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Who was Galileo Galilei?

A portrait of GalileoGalileo Galilei (1564–1642) was an Italian scientist. He made important advances in the understanding of gravity and motion. He was also an astronomer. Using a recent invention, the telescope—which he perfected for his needs—Galileo was able to observe the stars and planets more closely than was ever possible before. Galileo based his scientific ideas on observation and the results of experiments. He also made detailed records of his work. For this reason he is known as the Father of Modern Science.


At school, Galileo, an exceptionally curious boy, exhausted his teachers by asking many questions—sometimes too many.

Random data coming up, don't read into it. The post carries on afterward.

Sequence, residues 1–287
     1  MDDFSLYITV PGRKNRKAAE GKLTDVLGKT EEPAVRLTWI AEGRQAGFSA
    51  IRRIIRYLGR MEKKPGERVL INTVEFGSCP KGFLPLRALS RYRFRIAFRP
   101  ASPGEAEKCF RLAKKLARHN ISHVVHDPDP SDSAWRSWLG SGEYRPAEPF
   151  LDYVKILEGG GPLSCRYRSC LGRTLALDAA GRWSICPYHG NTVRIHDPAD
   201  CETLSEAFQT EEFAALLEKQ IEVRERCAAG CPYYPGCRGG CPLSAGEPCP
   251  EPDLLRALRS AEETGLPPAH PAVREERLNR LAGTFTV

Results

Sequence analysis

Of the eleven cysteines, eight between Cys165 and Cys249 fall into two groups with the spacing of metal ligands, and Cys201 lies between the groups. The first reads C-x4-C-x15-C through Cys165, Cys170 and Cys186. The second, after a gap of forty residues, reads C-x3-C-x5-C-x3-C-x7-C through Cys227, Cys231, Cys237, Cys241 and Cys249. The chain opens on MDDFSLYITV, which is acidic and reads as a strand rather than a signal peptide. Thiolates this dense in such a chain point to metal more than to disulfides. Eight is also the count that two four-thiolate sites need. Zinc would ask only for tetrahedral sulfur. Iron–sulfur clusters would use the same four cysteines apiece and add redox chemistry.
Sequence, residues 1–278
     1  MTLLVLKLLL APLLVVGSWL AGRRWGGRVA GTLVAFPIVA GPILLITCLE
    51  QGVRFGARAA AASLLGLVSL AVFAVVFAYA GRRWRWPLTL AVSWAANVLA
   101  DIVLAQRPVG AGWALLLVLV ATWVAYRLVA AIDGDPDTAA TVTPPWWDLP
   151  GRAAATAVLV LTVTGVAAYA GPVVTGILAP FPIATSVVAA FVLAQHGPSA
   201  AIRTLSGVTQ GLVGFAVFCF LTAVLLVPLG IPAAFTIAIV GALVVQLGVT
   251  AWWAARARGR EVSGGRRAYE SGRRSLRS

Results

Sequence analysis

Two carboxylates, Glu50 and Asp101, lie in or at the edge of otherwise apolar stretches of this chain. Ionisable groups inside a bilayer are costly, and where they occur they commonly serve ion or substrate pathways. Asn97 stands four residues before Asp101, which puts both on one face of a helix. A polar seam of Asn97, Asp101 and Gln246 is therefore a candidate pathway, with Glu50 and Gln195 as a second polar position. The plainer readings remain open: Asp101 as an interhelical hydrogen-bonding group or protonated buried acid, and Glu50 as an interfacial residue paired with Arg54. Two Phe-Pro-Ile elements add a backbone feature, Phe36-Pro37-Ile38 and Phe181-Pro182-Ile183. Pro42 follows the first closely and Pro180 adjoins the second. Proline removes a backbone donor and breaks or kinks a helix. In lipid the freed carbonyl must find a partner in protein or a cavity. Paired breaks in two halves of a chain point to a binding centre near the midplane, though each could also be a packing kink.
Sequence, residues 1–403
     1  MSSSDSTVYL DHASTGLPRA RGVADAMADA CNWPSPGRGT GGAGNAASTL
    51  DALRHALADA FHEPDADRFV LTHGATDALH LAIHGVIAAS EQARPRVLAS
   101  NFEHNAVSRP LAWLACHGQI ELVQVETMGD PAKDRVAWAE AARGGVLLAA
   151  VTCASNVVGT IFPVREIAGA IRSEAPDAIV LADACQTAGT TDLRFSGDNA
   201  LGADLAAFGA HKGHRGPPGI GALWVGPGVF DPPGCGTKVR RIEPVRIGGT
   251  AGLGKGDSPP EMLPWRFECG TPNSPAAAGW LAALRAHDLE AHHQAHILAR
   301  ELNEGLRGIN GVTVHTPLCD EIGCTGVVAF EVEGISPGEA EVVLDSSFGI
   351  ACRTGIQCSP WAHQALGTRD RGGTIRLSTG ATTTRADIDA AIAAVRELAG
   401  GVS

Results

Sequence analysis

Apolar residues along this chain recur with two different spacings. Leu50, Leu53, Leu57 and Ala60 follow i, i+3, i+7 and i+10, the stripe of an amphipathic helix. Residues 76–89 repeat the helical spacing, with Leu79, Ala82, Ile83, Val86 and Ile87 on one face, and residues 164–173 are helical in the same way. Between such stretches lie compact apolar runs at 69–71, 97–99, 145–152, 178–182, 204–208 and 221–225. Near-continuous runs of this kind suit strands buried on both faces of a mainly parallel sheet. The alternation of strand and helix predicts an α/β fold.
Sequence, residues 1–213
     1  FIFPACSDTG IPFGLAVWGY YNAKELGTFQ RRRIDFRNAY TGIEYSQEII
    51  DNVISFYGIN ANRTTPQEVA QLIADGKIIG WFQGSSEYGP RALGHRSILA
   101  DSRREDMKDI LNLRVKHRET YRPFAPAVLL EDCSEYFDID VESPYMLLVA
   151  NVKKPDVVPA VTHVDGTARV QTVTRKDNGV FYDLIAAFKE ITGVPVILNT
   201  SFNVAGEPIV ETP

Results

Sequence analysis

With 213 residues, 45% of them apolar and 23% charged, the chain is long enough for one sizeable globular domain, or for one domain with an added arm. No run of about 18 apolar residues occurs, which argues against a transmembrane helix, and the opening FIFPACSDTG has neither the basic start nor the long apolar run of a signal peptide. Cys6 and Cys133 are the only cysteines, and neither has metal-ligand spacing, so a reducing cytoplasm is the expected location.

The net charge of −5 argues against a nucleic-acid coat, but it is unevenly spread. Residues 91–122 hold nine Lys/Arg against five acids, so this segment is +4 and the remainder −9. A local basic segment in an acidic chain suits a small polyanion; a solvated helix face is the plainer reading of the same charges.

Early life

Galileo Galilei was born in Pisa, central Italy, on 15th February 1564. He was the son of a professional musician, Vincenzo Galilei. Galileo planned to study medicine but later switched to mathematics and physics.
After taking posts at the University of Pisa, and then the University of Padua, in 1610 Galileo became mathematician and philosopher to Cosimo II de' Medici, Grand Duke of Tuscany.

Galileo found that, by looking at an object close-up through a telescope the "wrong" way, he could see an enlarged image. This led him to invent the first compound microscope—a microscope with more than one lens.

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